Waste not want not – and being a tad – careful – I have salvaged the pelargoniums (geraniums) and some of the fuchsias for next year. The pelargoniums have been trimmed back and will be over-wintered in the conservatory ready to make a splash as established plants in the spring. Likewise the fuchsias, though they are more frost hardy.
Rather than bin all of the trailing fuchsias I healed a few of them into the edge of a border. They may not survive but at least they have a fighting chance. There are still two wall baskets in the Courtyard itself but they are doing well and is seems a shame to disturb them just yet!
Finally I cut back my lemon verbena (aloysia citrodora). I’ve had the mother plant for at least 11 years but it has become leggy, as these things do, so after taking cuttings I gave it a drastic prune. This kind of hard chop can be fatal to these kinds of plants but as it was no longer a happy looking specimen it was its only real option. Being a delicate shrub it also needed to com in for the winter.
That’s it from this week’s Courtyard Garden.
I spent the afternoon pottering around the courtyard moving this and evicting that – the main eviction was yet another euphorbia – this one the common variety. Pictured is an outdoor cyclamen – a single corm this fills the entire pot! yet to decide where to put that one.
As it was a nice bright day I spent a lot of it in the garden. Repotting plants that I brought with me in plastic pots into ceramic containers. And then playing musical plants – shifting things around before they start putting on too much spring growth.
Two olive trees, a pot of blue agapanthus and (not shown) a pot of Bela Lugosi Daylilies.
also disposed of a large quantity of Euphorbias and Montbretia and resited a large Anemones in their place.
Moved two Hydrangeas from the front garden, a Red valerian that I had in a pot and a Broom plant that was in the rear to the small border at the side of the house.
And re planted the Acer that was hiding under that Spotted Laurel to the front.
Still to decide what to do with another Acer in the back garden and two Pieris in the front garden. That is a decision for another day.
I also have a Fig and a Ginko to be repotted. Plus some Azaleas in the garden that would be better off in containers in ericaceous compost.
We have a selection of lumps of glass scattered about – gathered them all togther and not sure what to do with them.
Though I wore gloves when digging them up I seem to have a slight ‘burn’ from the Euphorbia sap on my left hand. Must have brushed up against them after I took my gloves off. That being the case the other clump of same plant will meet their doom quite soon!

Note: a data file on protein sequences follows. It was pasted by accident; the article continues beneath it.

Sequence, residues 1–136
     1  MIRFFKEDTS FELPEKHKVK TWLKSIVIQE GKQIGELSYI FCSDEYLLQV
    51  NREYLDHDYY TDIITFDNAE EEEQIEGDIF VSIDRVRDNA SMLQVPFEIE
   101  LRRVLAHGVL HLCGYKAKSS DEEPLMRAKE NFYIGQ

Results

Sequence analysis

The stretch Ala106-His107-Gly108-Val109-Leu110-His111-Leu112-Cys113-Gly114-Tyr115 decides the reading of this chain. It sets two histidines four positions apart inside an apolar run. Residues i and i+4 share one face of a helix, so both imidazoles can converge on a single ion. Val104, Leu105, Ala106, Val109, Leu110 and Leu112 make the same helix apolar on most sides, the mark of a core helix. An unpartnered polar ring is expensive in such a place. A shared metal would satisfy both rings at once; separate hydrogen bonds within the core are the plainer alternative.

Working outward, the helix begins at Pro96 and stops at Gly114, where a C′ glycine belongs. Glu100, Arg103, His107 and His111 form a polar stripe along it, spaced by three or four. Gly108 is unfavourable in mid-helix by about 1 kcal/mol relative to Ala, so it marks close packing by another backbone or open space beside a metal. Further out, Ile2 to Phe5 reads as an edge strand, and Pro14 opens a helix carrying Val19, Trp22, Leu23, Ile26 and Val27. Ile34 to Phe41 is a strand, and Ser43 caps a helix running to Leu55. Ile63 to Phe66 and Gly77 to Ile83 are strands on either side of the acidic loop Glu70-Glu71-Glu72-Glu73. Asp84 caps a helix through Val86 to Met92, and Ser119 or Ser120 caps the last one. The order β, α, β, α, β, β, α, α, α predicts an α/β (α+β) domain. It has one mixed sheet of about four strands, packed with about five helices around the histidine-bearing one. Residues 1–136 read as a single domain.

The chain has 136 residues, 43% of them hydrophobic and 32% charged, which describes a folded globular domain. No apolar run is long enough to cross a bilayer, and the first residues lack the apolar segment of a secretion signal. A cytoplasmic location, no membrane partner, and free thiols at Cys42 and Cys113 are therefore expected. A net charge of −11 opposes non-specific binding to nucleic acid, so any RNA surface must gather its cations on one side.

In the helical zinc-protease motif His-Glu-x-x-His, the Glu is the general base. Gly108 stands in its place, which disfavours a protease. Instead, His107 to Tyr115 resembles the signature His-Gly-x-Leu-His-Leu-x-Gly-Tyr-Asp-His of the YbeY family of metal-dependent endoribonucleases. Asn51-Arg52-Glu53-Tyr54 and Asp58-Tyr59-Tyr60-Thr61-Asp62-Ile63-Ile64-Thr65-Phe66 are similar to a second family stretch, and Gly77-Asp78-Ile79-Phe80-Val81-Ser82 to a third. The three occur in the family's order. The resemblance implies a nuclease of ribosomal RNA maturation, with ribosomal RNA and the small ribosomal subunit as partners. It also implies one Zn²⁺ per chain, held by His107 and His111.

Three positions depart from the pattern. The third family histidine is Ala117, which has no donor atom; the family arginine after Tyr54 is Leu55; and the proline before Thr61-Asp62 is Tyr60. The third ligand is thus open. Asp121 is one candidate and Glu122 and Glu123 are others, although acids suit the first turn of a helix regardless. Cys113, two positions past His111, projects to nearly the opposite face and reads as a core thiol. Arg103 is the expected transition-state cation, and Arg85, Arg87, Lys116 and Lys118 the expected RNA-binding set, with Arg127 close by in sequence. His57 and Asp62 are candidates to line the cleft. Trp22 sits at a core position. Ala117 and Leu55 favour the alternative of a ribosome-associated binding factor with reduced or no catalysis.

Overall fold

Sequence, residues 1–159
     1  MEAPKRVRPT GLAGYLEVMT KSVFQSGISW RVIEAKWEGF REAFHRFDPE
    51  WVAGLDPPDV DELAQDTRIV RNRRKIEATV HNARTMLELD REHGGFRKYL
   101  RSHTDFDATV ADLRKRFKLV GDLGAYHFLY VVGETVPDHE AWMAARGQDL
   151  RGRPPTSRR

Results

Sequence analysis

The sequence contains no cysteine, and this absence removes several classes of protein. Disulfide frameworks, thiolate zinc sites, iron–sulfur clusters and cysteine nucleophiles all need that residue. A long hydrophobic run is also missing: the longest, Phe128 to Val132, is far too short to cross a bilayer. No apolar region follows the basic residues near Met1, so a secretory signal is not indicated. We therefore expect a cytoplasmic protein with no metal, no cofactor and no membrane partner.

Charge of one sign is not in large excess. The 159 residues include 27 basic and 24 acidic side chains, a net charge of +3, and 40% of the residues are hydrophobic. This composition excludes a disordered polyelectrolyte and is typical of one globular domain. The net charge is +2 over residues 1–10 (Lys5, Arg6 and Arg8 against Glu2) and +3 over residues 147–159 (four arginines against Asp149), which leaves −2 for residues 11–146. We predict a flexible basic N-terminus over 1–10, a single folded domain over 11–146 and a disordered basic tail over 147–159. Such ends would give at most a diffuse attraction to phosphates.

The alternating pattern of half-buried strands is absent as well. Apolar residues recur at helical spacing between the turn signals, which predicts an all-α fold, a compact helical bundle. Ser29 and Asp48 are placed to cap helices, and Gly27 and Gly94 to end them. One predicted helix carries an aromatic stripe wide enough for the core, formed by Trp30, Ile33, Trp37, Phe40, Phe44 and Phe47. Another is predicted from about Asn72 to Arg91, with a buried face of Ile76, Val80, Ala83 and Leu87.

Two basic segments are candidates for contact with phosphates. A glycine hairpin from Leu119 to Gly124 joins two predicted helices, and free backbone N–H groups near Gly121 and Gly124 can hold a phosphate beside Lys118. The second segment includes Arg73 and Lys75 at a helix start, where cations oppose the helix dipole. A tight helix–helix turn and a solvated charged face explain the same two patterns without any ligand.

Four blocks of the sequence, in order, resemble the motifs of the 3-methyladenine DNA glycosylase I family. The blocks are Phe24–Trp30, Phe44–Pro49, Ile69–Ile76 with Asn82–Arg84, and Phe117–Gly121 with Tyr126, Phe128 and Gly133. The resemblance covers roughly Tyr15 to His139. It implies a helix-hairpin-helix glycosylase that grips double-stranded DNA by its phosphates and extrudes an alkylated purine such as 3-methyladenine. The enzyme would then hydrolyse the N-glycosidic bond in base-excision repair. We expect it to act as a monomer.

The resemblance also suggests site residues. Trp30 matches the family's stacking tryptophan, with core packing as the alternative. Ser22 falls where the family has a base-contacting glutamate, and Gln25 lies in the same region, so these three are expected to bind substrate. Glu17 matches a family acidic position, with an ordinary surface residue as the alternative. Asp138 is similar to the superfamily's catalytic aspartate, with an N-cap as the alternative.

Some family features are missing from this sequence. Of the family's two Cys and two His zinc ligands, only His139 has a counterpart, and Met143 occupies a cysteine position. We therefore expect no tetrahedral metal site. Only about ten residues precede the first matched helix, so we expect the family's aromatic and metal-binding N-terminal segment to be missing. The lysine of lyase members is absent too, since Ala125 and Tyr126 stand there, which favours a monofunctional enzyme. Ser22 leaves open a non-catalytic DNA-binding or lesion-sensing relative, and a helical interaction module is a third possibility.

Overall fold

Today was all about cutting back ivy – which had smothered 5 panels of the rhs fence.
This is an ancient ivy – or to be more precise ivys because there are at least five different varieties there. The largest leaf variety is covered on flowers and fruits so I am loathe to cut too much back because they are a source of winter food for insects and when the sun is out the flowers are ashimmer with bees and hoverflies (and even the occasional late butterfly).
Likewise the fruits provide winter feed for the birds.
I also feared that it was going to pull the fence down. Having chopped it back from the end two of the spread I realise that the ivy may be the only thing holding the centre three sections up! So have limited myself to trimming the long non-flowering strands for now.
Also in tidying the edges beneath found that the ivy roots were holding the grey-water drain cover tightly in place. Much swearing and hacking with secateurs has freed it up and pushed the border edge back by almost a foot.
Bin is brimming and I am exhausted but a good job done.
I will start taking pics of my own at some point 🙂
One of the reasons for moving house was that the garden at Oldhaven was to big (and steep) for me to manage.
This is my 6th garden and quite small – a fraction of the size I had previously, with a small frontage and a courtyard garden to the rear.
A small garden will be easier to maintain but can also present a challenge when every plant and shrub needs to earn its keep. Continue reading